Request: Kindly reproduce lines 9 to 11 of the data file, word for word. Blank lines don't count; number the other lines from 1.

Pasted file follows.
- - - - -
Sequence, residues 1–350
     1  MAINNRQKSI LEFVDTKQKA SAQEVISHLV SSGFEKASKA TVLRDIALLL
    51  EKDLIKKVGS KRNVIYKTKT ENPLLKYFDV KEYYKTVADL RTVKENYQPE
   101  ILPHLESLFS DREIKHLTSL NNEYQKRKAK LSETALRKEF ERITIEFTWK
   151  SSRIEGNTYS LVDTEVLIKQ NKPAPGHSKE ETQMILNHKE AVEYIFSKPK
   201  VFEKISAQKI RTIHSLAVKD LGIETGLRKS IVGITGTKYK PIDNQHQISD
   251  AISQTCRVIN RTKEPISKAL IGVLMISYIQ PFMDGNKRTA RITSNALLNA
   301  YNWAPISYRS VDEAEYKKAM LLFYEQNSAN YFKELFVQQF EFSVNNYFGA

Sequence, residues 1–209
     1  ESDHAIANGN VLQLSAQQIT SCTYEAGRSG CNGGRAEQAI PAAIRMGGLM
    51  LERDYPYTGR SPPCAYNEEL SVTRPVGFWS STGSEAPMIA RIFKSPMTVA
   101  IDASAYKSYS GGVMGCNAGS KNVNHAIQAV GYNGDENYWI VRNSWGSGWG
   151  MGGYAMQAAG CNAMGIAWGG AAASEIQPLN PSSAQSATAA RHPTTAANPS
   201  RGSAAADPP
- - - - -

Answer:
Sequence, residues 1–209
     1  ESDHAIANGN VLQLSAQQIT SCTYEAGRSG CNGGRAEQAI PAAIRMGGLM
    51  LERDYPYTGR SPPCAYNEEL SVTRPVGFWS STGSEAPMIA RIFKSPMTVA